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Charter reduces financial award in lawsuit over murdered customer

(Logo: Charter Communications, Graphic: The Desk)

Charter Communications will not have to pay a $7 billion award to the family of a woman who was murdered by one of its technicians several years ago.

According to a new filing with the Securities and Exchange Commission, Charter was able to reduce the judgment with the family of Betty Thomas, who was fatally stabbed by Charter technician Roy Holden in 2019.

The settlement came while Charter was appealing the verdict. As part of the settlement, Charter has agreed to pay an amount that will be fully covered by its liability insurance. The total amount wasn’t revealed, but it was “substantially lower” than the $268 million that the family previously agreed to during an earlier settlement conference.

A jury found Charter liable for Thomas’ death because it did not conduct thorough background checks on Holden while ignoring signs that the technician suffered a combination of emotional and financial distress. Charter was also accused of interfering with the investigation into the 83-year-old woman’s death.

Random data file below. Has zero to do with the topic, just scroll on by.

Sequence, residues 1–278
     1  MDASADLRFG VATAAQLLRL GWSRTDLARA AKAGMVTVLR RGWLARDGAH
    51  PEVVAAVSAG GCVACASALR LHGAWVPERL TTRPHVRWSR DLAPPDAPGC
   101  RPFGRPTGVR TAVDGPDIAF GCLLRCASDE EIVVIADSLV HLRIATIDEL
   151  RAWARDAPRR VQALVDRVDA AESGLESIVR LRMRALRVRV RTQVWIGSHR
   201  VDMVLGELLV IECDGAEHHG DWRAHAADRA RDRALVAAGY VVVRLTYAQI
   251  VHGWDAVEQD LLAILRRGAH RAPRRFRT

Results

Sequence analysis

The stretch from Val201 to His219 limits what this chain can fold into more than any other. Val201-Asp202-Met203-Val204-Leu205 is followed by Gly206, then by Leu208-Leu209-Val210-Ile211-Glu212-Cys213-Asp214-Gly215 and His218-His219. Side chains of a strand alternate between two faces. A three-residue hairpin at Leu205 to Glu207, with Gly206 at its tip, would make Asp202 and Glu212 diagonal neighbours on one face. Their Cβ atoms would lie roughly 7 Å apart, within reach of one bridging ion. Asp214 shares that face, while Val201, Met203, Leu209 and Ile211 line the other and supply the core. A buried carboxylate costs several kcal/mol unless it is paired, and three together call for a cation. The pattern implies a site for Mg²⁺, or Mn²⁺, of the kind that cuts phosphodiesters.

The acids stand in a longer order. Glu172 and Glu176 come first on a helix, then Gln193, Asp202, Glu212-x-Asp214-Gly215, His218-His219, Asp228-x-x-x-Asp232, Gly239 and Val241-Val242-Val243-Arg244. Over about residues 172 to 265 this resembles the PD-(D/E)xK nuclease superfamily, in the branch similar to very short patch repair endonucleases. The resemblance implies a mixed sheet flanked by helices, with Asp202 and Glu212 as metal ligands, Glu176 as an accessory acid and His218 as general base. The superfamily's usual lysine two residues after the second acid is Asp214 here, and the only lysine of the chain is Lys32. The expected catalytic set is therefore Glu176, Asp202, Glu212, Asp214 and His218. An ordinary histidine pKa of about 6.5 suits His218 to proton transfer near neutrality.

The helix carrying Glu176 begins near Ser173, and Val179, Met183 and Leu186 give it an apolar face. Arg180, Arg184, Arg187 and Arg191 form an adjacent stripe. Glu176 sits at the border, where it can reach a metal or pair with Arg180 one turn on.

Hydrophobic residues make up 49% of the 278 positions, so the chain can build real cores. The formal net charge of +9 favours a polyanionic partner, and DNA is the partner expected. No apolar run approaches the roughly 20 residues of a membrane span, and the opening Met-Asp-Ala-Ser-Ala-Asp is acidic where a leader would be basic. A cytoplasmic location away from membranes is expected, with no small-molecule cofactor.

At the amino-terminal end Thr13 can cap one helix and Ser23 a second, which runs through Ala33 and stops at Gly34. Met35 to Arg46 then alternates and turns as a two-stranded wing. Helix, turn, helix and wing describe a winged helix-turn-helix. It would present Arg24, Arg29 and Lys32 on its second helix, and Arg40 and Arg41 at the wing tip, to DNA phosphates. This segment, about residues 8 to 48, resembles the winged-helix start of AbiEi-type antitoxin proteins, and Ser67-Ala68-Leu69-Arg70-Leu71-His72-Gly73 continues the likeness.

Last July, Charter affirmed it would appeal the jury’s $7 billion award, complaining that the family’s case lacked certain details that proved the telecom was liable for her death.

Charter offers television, cable Internet and wireless phone service under the Spectrum brand name.

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About the Author:

Matthew Keys

Matthew Keys is the publisher of The Desk and reports on the business and policy matters involving the broadcast television, streaming video and radio industries. He previously worked for Thomson Reuters, Disney-ABC, Tribune Broadcasting and McNaughton Newspapers. Matthew is based in Northern California, has won numerous awards in the field of journalism, and is a member of IRE (Investigative Reporters and Editors).